Talking out of my backside, natch. Grace is ia good idea here I think. That would bother a lot of people. Many consider peers as being in one's same "pool" for socialising, networking, and relationships. Being in the same age group as the person a parent is dating brings all kinds of weird issues to the forefront.
Therapy or counseling may well be the best choice to deal with the strange thoughts and itchy emotions this situation can inspire. After a difficult break-up, lots of people will go for their shallowest thrill or greatest comfort and many other permutations besides, including their deepest fears and a non-typical relationship may be just the thing to shake them out of their funk. If they're self-aware and fortunate in their selections, they may even pick out someone who works well as a continuing partner, no drama or trauma other than whatever the kids have to work out for themselves, of course.
There are less positive reasons and outcomes, certainly, but you'd notice other signs, like avoiding responsibility or behaving generally recklessly or feeling evicted from a prior social group, and you'd bring up those things instead, since they're more specifically and compassionately addressed for all parties.
Why would they choose to behave in that way? But I wouldn't, because it really is none of my business. Instead, I'd ask how they were feeling, if they were being treated well by this new person in their life but no overly personal details, pleasewhat kind of plans they have coming up or recently completed Checking in, making sure they're still circulating and staying engaged.
Not being harmed if they ever are, call the authorities. Then attend to your own emotions and role model your own, healthy future for yourself. And that's really all you can do, as far as that other person's relationship is concerned and your response to it.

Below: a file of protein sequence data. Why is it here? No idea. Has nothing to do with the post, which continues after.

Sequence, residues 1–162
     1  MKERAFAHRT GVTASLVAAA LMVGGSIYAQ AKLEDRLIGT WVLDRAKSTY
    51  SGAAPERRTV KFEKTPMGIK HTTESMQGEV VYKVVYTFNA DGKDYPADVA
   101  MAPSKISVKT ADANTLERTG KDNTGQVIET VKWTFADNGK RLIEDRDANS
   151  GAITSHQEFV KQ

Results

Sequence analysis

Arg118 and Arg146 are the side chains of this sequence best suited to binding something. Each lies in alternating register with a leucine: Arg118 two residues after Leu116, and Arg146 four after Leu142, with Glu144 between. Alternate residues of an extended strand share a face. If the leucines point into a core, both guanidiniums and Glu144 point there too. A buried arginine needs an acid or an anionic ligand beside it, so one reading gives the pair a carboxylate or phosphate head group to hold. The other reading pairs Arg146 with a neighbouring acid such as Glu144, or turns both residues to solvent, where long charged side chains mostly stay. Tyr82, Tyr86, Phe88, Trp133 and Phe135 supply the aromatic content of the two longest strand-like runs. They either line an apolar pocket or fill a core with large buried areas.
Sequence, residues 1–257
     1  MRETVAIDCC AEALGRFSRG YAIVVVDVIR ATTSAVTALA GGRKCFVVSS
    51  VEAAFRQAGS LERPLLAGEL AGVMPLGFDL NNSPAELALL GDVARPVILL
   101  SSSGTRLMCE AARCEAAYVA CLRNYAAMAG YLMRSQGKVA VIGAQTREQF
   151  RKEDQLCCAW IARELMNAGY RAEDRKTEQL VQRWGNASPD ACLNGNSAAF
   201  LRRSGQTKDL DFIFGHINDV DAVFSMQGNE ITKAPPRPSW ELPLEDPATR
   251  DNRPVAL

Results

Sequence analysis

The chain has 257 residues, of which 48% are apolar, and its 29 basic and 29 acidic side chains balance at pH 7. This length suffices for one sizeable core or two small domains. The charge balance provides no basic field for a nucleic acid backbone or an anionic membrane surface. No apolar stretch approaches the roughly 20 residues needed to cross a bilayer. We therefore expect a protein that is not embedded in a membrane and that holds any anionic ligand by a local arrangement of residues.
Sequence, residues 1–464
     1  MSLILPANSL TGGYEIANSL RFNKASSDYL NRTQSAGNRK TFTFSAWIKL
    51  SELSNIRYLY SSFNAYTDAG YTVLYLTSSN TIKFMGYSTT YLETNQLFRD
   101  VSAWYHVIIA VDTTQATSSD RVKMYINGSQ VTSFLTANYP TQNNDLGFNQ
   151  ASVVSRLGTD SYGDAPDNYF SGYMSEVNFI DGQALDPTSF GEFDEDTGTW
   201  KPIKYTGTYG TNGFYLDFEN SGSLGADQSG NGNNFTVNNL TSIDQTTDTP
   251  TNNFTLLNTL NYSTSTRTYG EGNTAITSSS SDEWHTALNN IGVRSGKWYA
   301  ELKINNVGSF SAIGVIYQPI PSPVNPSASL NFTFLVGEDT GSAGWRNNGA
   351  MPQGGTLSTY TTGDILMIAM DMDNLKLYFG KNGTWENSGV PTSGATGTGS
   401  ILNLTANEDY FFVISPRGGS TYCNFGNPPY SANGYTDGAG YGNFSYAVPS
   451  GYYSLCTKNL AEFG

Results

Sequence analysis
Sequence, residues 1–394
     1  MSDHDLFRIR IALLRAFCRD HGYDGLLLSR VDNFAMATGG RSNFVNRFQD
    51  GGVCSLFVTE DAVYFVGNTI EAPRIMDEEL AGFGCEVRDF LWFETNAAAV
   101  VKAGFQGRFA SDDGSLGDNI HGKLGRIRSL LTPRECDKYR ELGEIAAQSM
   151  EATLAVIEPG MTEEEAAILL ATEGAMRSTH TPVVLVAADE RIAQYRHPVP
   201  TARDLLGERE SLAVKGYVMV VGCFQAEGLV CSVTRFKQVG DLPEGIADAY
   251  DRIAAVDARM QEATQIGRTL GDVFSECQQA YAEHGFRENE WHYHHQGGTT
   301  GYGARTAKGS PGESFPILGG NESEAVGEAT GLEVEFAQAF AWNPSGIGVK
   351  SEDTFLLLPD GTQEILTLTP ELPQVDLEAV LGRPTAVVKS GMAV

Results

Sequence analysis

I'm not sure if those things apply to you or not, but I hope they're worth thinking about as jumping off points for discovering how to deal with this development in your relationship with your father. Hopefully she'll have some awareness as to the delicateness of the situation. Admittedly, that email strikes me as tone deaf, but evidence that she is at least trying. Having observed something like this from a slight distance, I'm guessing that you are not the only one in your father's life who feels weird about the situation.
In the situation I observed, the much younger woman was overly sensitive to any reference to the age difference.
To Older Men Who Want to Date Younger Women…
Even if it was in the context of discussing something that happened before she was born. You can imagine how well this went over with people who had known him for much of his life. It was also hard to see the older man's daughter deal with her father dating a woman her age.
It didn't help that this woman lacked the daughter's intelligence and maturity. As far as I know, she never said anything, but it was evident that the situation was stressing her out.
Give this new woman a chance, try to keep an open mind, but don't beat yourself up if you meet her and still feel uncomfortable.
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In the situation I mention above, people dealt with their reactions by trying to focus on the positive effects the woman had on the man's life, so maybe you can try to keep that in mind.
I guess everyone else would have no problem with this kind of age disparity, but I can tell you all the people I know would be weirded out by this. She intellectually knows she shouldn't be bothered--she's trying to figure out how to deal with that visceral, instinctual feeling! And damn, have you guys never been confronted with trying to reason away feelings you know you shouldn't have? I think you are dealing with this incredibly gracefully, actually. I think there are a number of things going on here, so maybe if you tried to break them down they would help.
You are probably not ready to replace your step-mom, not inside anyway.